Page:Works of William Blake; poetic, symbolic, and critical (1893) Volume 2.djvu/187

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173
EUROPE.

suggestion. She may be one of the "Fairies that lead the moon along the valley of Cherubim" (‎"Jerusalem," page 63, line 14) or conduct feminine emotion in sexual channels. It was part of Blake's original scheme to have published "Europe" always as a book dictated by a fairy, as the preface from Mr. Linnell's copy shows.

She is recognized as a feminine western figure, being the queen of waters, but is northern when viewed in contrast with the next.

Manatha Varcyon should be a sun fairy ; a feminine figure of sunrise clouds.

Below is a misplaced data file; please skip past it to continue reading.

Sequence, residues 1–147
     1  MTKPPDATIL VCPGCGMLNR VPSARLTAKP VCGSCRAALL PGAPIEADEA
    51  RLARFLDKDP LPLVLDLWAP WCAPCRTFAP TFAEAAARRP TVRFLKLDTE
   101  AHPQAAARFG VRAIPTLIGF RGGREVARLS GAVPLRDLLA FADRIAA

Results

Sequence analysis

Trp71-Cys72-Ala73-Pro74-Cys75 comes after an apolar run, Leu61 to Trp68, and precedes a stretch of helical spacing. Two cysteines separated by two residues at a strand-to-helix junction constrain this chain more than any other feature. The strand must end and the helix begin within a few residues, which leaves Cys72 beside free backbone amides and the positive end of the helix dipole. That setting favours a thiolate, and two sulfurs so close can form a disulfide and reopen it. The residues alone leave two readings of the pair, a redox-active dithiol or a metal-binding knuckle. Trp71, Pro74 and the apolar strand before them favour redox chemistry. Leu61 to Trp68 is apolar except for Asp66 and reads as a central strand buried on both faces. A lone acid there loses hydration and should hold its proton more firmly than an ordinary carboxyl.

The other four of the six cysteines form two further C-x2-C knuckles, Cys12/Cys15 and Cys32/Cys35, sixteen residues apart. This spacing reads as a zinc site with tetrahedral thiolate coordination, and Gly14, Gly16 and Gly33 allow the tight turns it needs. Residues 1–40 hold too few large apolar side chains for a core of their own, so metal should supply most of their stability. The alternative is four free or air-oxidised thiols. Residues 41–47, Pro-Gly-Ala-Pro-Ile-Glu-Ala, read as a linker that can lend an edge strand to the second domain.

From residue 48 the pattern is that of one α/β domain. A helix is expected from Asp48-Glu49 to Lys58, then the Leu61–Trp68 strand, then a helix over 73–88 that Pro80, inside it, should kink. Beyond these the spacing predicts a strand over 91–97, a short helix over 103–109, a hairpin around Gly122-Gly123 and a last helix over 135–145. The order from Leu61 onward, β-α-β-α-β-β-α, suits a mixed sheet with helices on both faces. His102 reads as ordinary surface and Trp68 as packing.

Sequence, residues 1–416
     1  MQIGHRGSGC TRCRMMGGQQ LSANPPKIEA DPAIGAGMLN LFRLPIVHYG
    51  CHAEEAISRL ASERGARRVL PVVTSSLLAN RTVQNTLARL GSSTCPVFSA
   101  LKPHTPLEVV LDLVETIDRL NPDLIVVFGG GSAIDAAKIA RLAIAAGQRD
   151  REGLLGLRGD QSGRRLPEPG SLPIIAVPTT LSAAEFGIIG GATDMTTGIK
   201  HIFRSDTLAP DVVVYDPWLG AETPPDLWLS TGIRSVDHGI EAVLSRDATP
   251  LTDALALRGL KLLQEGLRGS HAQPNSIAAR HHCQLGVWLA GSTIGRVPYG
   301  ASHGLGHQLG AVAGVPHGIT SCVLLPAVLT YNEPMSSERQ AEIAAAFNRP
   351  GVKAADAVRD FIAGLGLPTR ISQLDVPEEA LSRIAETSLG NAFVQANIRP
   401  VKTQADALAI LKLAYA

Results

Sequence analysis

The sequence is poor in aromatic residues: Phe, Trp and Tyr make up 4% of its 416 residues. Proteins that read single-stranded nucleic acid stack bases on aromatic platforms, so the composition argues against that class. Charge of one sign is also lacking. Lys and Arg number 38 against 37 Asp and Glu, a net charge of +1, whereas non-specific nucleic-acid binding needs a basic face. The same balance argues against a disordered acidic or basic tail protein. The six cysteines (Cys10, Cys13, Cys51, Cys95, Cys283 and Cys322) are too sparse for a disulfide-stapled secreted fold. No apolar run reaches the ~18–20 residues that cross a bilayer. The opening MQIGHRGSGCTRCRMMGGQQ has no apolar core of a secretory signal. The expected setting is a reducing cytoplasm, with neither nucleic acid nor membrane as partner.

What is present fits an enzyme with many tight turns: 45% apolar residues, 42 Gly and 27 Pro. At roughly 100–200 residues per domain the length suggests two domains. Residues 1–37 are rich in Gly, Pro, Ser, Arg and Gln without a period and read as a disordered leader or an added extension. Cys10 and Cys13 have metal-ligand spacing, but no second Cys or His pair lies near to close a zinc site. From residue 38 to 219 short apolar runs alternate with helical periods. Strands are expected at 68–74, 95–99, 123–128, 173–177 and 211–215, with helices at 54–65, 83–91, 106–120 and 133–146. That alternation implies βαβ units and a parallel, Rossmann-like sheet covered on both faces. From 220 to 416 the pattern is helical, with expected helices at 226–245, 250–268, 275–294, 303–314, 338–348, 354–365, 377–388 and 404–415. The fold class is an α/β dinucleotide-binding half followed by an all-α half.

Leutha, luring bird of Eden, emanation of Palamabron and temptress of Satan (in "Milton," p. 10), is a feminine eastern figure (Palamabron is the Eastern, or Luvah-like, son of Los), symbolized by the perfumes of flowers that open at sunrise (as in "Milton").

Antamon the figure of the cloud, in the East.

Oothoon, the flame in the West.

Sotha and Tiralatha, fairies of the South — the eyes — whose horses are like black pupils.

And Orс himself — all are called to the "red light" of mortal love.

The cry is that of the Moon calling up her clouds, or Enitharmon her winged figures, or fairies.

The call is heard through the four points.

Urthona hears it through Ethinthus, for Los is "possessor of the moon."

Luvah, through Antamon and Leutha.

Tharmas, through Manatha Varcyon, and Oothoon.

Urizen, through Sotha and Tyralatha, but, it being night and Urizen not shining, these two eye-fairies dwell in " dreamful caves." The dream is that of "Single Vision and Newton's Sleep." (Compare the poem written to Mr. Butts from Felpham, published among the letters in Gilchrist, and in the Aldine edition.)

That is to say, the visionary spirits in the hour of the rule